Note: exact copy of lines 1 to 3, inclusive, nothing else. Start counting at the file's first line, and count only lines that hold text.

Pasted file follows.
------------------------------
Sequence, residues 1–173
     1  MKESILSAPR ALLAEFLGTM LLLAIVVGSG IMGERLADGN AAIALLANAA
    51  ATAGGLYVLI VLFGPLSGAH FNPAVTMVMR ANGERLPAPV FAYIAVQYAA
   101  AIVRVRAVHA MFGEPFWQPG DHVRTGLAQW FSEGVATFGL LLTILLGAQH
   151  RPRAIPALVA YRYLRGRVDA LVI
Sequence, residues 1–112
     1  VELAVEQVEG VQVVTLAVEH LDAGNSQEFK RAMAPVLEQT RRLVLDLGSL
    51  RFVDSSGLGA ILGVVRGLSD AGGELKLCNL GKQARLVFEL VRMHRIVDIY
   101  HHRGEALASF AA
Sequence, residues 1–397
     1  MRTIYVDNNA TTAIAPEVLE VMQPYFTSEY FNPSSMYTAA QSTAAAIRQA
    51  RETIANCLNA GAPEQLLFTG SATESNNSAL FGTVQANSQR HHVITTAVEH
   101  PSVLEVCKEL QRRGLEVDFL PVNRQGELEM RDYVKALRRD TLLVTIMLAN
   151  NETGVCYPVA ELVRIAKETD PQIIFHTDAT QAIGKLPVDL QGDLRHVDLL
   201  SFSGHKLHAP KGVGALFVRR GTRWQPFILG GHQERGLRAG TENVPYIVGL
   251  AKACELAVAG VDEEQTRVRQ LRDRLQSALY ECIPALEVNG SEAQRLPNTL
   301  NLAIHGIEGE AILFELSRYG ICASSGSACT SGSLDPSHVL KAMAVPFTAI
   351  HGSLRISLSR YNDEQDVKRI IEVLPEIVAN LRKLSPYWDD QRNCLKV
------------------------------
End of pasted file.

Sequence, residues 1–173
     1  MKESILSAPR ALLAEFLGTM LLLAIVVGSG IMGERLADGN AAIALLANAA
    51  ATAGGLYVLI VLFGPLSGAH FNPAVTMVMR ANGERLPAPV FAYIAVQYAA